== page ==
Due diligence refers to an investigation which is carried out before a substantial legal transaction. It is particularly important in a business acquisition as the investigation will aim to uncover any hidden liabilities or potential problems with the target business. Here we look at why and how due diligence is carried out on the acquisition of a business.
Due diligence helps to improve the quality of information available to buyers which then contributes to informed decision making. In a legal M&A context, due diligence will normally take place before a buyer invests in or acquires a business. The aim is to give the buyer a concise, well-focused report which is then used by the buyer to decide whether or not to proceed with the transaction. It can also be used as a negotiation tool should any underlying issues be identified that need to be addressed.
The buyer will be acquiring an entity along with its assets and liabilities; it is therefore important that the buyer seeks to identify what those assets and liabilities are and that the seller is able to transfer legal title to them. This allows for a smooth transaction with the risk of any problems materialising post-completion being reduced.
Why is due diligence important?
The due diligence process is the first step in the buyer seeking to protect itself from unknown liabilities which may exist within the target business. Due diligence may throw up potential problems and the buyer may be dissuaded from continuing with the transaction if the target company looks less desirable than first thought.
Due diligence also helps to identify the most beneficial structure for the transaction.
The process can also give the buyer reason to negotiate; this could be a renegotiation of the purchase price or it could lead the buyer to request extra protection in the form of indemnities or warranties in the purchase agreement.
Spotting a potential issue during the due diligence process will allow the buyer to get it sorted before completion. If the issue is only discovered post-completion, then a claim against the seller for breach of warranty may be the only answer. But this is something the buyer will want to avoid as it will be both time consuming and costly, and there is no guarantee of any award.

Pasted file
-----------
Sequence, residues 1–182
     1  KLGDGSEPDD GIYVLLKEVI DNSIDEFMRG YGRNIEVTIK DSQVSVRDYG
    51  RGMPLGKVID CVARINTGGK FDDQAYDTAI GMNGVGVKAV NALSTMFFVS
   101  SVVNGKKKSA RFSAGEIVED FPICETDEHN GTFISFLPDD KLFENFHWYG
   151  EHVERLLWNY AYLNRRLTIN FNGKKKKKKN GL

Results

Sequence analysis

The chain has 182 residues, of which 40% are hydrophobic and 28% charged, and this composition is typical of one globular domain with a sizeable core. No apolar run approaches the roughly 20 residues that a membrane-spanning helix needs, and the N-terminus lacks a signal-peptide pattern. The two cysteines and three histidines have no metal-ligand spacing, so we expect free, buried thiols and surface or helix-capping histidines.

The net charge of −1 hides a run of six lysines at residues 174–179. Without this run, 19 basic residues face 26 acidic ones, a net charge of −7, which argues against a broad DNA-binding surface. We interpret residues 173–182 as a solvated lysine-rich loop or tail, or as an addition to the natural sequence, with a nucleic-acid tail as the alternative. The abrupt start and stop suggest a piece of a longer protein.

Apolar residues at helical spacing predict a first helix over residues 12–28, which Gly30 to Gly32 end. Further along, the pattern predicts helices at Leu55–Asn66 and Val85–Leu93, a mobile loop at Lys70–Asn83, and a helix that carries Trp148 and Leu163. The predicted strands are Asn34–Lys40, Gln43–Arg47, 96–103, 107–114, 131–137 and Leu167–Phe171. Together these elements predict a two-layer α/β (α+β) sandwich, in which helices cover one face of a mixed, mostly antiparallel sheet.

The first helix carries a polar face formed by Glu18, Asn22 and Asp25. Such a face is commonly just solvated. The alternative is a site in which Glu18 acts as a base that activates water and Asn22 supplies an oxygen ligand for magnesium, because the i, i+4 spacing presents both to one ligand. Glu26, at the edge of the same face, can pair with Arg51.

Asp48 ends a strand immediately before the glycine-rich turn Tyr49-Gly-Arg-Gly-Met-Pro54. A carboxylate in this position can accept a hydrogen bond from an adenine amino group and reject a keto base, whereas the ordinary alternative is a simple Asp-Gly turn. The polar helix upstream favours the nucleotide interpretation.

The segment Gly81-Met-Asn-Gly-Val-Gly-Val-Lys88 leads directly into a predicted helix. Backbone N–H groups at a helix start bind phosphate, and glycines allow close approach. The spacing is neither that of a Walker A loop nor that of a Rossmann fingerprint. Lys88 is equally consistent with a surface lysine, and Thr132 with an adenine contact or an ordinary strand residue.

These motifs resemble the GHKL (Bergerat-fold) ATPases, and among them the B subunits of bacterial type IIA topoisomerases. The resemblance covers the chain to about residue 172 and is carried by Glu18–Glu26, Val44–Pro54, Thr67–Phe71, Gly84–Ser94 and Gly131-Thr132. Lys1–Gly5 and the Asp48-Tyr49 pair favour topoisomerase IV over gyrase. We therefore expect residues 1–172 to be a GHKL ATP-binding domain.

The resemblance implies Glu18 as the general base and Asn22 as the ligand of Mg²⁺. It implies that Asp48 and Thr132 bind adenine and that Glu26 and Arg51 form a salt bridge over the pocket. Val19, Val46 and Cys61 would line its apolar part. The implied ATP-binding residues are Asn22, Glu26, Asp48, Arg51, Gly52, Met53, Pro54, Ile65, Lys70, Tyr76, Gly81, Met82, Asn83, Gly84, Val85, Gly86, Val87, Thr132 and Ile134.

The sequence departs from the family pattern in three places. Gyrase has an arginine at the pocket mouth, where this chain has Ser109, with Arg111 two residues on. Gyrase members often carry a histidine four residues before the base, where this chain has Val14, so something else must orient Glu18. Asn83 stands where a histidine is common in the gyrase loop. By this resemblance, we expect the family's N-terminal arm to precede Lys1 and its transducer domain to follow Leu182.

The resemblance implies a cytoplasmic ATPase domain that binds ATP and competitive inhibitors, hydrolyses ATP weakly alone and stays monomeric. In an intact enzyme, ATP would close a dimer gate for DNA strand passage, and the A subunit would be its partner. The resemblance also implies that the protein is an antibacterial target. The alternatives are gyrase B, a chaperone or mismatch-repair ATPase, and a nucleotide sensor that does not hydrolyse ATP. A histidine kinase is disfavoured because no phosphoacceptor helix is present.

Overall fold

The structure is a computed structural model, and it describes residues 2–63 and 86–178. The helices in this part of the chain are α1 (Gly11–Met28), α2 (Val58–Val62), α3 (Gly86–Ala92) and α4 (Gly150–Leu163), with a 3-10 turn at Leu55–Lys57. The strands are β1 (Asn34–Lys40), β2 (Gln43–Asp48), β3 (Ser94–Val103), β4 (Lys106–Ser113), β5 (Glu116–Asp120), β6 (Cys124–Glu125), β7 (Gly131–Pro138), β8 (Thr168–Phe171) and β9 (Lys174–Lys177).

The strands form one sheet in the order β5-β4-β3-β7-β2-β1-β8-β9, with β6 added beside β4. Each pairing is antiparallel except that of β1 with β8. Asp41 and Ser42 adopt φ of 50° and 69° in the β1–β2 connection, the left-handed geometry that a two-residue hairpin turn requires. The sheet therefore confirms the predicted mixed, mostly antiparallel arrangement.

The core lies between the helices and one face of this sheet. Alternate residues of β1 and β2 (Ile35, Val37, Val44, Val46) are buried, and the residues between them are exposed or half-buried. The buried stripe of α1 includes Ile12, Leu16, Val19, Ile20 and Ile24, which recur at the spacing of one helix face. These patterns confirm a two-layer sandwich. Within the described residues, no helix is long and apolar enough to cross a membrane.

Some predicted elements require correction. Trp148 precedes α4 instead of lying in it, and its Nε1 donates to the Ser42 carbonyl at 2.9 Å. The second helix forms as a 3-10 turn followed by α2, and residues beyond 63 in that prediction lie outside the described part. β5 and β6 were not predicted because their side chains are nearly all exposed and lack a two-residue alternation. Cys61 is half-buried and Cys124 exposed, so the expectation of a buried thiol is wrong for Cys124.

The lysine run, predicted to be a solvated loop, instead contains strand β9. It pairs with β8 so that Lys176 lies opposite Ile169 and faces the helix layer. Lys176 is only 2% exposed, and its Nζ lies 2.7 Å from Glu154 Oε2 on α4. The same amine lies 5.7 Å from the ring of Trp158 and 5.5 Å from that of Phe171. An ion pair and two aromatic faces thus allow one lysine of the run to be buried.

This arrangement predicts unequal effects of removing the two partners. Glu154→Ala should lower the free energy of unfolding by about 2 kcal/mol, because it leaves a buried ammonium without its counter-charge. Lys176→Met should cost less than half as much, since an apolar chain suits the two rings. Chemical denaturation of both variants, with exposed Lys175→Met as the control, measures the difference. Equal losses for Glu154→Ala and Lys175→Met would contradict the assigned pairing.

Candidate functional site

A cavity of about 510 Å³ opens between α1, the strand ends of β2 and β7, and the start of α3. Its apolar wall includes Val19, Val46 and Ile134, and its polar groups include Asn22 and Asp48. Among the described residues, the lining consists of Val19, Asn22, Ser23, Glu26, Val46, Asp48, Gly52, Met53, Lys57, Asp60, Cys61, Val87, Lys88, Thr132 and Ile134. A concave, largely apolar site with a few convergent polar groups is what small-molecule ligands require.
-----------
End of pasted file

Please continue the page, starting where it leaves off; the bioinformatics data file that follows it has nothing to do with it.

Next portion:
Forms of due diligence
Due diligence will take different forms during the acquisition process and professionals with different areas of specialist knowledge will be involved.
Legal due diligence will be completed by the buyer’s solicitors. They will aim to identify, amongst other things:
- whether the seller has good title to the assets or shares being sold;
- the key issues for negotiation with the seller; and
- the steps required to integrate, seamlessly, the target into the buyer’s existing business.
Most importantly, they will be on the lookout for any hidden liabilities that may impact the buyer post-completion.
Financial due diligence covers the financial situation of the target. Accountants will consider:
- historical performance;
- future prospects and forecasts; and
- financial sensitivities and current cashflows.
There are other forms of due diligence which may be necessary depending on the nature and scope of the target business. For example, due diligence relating to the commercial aspects of the deal, pensions, or the environmental impact may be undertaken.
Focusing on legal due diligence, the process will usually begin with the buyer’s solicitor sending an ‘information request’ to the seller’s solicitor. This document is used to obtain information and copies of documents from the seller which will form the basis of the final due diligence report. The request is often lengthy and will include requests for financial information, information on corporate and commercial arrangements and confirmation that the seller holds full legal title to the assets of the business.
Following this, the seller’s solicitor responds and the buyer’s solicitor will receive a large number of documents in return. These will be reviewed and a request for further information may be made.
Once the buyer’s solicitor has completed the due diligence process to the required standard and everything has been obtained, they can advise the buyer on the proposed transaction by producing a due diligence report for the buyer.
The report identifies the key issues with the target business and sets out how the issues could be resolved as part of the transaction process.
Virtual data rooms
It is now common, as part of the due diligence process, for documents to be reviewed within a data room set up by the seller. A data room can be a physical space (often at the offices of the seller or its lawyers) but is increasingly a virtual data room where the materials are stored on an online data site. It allows documents to be reviewed from a central location which is quicker and more effective for parties who may not be located close to each other. It also allows multiple parties to review the documents at the same time (particularly useful in an auction sale context) and removes the need to copy or scan documents and distribute them by some other method.
Using electronic data rooms enables the seller to control access to documents – entry to the data site will be password-protected – and track who has had access to specific documents.
The due diligence investigation is an important part of the transaction process but at times it can seem cumbersome and unwieldly. Understanding the process and using technology to streamline it as far as possible, can help to make it a smoother ride for all involved.